“[I had a camera] isolated on Kawhi from the moment the ball was inbounded and it never left him,” Phillips said. “And then other cameras I’m telling, ‘If the ball falls through the hoop I want you to shoot fans.’ I also wanted another camera to stick with Embiid, and I wanted another camera to get up and get right into the huddle if the ball falls through the hoop. And miraculously it does. And it all just falls into place.”

The dominoes had been set up just so, and as Leonard’s four-bounce masterpiece fell, so too did the dominoes.

“Everybody is where they’re supposed to be so it makes my job a little easier in the sense that as soon as the ball falls through the hoop on the Sportsnet broadcast, the first thing I do is cut to Kawhi and you can see him screaming. And then as he drifts behind the backboard and he gets blocked, I cut to the crowd shot because I know it’s there, and then I cut outside because I know they’re going crazy.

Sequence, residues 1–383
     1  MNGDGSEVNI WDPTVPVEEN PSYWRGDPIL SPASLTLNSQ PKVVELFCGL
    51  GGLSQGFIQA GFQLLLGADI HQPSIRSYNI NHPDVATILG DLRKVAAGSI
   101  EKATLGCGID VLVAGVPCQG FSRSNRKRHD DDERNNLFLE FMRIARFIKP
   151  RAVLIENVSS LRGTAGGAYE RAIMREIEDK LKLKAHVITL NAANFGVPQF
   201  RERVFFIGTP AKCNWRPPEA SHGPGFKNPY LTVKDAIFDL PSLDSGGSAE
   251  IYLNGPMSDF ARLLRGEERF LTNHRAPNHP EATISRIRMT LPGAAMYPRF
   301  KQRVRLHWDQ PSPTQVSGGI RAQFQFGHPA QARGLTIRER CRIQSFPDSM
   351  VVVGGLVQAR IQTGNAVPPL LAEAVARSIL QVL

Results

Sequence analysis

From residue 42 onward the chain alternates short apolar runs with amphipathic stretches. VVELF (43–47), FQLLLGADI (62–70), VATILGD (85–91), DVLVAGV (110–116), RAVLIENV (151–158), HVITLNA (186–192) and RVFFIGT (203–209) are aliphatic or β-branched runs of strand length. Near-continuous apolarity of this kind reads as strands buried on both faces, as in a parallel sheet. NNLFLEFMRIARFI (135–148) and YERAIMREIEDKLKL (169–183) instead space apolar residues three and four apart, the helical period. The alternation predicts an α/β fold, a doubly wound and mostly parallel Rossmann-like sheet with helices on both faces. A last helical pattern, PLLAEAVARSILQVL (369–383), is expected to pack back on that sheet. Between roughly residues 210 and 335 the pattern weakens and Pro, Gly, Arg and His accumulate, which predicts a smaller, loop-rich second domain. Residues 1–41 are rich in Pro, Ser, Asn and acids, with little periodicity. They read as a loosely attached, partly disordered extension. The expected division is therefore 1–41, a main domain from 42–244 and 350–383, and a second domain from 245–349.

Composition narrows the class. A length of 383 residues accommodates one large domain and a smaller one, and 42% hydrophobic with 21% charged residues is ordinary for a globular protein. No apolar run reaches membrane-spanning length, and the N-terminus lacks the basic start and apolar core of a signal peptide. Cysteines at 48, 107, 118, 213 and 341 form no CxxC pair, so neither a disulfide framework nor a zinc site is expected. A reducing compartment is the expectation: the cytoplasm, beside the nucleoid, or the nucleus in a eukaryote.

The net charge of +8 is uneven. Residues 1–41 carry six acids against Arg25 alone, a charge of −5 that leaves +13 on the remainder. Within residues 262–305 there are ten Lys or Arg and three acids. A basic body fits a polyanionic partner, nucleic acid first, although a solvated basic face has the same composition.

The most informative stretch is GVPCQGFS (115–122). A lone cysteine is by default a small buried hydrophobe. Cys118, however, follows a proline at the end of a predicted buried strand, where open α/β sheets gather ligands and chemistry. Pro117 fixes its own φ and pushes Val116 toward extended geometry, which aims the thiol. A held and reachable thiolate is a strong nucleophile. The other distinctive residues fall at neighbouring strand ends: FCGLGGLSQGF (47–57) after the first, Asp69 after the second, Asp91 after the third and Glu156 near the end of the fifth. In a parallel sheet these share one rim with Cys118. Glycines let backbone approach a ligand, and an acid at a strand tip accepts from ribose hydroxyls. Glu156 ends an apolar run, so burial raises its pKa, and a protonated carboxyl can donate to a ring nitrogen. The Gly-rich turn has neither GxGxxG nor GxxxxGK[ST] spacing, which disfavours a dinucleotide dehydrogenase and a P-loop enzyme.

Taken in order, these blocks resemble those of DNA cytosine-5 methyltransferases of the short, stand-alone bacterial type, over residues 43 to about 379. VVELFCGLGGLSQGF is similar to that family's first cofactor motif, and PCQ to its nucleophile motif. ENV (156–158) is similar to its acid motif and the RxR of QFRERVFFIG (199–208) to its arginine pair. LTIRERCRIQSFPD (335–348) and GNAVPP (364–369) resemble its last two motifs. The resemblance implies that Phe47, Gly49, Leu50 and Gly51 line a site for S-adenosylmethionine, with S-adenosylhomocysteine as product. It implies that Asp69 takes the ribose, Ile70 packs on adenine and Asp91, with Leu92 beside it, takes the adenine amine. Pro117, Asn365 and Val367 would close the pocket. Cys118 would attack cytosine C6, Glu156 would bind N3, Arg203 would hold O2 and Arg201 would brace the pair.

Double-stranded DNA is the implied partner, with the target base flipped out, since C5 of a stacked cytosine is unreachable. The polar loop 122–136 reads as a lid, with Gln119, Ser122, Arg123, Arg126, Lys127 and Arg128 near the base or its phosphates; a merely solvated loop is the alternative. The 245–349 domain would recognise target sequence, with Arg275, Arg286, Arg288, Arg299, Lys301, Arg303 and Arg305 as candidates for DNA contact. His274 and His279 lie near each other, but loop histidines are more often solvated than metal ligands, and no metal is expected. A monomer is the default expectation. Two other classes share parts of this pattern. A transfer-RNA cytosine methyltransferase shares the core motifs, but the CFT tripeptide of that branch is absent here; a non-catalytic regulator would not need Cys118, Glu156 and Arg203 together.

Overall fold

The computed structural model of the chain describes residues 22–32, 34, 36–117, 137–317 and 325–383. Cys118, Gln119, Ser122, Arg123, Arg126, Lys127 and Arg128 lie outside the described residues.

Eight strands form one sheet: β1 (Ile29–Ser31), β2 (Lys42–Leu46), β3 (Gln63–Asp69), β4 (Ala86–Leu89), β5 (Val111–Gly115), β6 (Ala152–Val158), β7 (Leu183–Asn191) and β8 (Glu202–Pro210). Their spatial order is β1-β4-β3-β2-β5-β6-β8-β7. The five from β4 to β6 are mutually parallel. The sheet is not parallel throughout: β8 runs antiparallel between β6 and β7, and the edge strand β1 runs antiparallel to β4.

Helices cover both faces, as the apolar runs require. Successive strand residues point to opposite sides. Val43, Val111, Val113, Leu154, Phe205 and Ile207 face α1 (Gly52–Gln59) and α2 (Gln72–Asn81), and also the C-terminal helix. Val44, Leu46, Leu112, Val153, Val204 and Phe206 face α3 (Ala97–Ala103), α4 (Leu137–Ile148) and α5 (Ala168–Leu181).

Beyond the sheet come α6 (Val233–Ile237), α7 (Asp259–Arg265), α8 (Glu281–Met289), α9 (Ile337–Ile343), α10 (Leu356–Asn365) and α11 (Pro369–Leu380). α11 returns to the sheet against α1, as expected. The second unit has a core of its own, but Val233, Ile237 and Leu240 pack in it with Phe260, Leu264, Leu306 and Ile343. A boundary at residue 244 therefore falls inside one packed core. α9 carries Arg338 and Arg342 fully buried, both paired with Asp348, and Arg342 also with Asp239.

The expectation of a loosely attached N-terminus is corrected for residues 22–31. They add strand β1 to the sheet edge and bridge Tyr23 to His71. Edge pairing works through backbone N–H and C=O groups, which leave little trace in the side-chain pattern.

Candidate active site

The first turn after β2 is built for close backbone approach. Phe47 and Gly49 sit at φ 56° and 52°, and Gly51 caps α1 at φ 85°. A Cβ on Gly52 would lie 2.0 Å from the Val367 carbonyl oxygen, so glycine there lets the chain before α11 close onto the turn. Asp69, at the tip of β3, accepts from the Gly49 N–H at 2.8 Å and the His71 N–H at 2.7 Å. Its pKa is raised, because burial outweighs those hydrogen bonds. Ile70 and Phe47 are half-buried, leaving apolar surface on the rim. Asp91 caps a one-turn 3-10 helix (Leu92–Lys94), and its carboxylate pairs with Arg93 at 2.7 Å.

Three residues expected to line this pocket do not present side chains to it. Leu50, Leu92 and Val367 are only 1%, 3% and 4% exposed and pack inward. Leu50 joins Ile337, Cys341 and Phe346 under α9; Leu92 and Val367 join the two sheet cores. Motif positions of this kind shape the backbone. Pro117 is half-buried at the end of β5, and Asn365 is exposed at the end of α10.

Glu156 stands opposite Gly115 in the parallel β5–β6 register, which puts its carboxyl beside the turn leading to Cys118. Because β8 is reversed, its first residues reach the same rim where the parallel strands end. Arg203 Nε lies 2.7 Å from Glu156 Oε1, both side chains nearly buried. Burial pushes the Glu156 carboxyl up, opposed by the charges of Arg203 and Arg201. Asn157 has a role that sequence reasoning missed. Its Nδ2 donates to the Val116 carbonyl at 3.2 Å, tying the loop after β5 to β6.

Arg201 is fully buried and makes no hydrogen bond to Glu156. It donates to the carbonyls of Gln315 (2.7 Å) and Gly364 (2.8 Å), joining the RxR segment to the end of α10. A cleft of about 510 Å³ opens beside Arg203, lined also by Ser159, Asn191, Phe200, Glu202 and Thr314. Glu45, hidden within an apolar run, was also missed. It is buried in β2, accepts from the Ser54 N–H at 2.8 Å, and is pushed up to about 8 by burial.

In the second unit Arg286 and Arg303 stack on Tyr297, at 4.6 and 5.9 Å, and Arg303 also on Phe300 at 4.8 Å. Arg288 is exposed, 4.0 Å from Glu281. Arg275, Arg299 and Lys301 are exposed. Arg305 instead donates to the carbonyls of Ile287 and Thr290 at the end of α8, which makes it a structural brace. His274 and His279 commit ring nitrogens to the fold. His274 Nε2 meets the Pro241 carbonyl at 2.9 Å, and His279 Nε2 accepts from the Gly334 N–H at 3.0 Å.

“And then that camera that’s underneath the basket is now standing right in front of him, trying to get inside that huddle, so I go there, and it all just fell into place.”

At the time, there were complaints on social media about the decision to not immediately show the replay. But, as Phillips said, it was a conscious decision to try to capture what wasn’t just a great Raptors moment, but an all-time great Canadian sports moment.

“It was so electric in the building that it was hard to leave it. There was so much emotion — there were so many great shots of fans going crazy, players going crazy, Kyle walking around kissing the ball. There was just so much happening and it’s so hard to leave that.

“We can always see the shot — we can always show it over and over and over again. But how do you just absolutely miss all of that emotion and all of that stuff on the floor?”

It’s for this reason that colour commentator Rautins opted to refrain from chiming in until long after Devlin’s call.

“Matt, at the end of the game, made a great call on the final shot,” said Rautins. “So the last thing I need to do is chirp in and destroy it. So you’ve gotta take a step back and let the viewers take in a moment, hear the crowd and enjoy the whole thing.”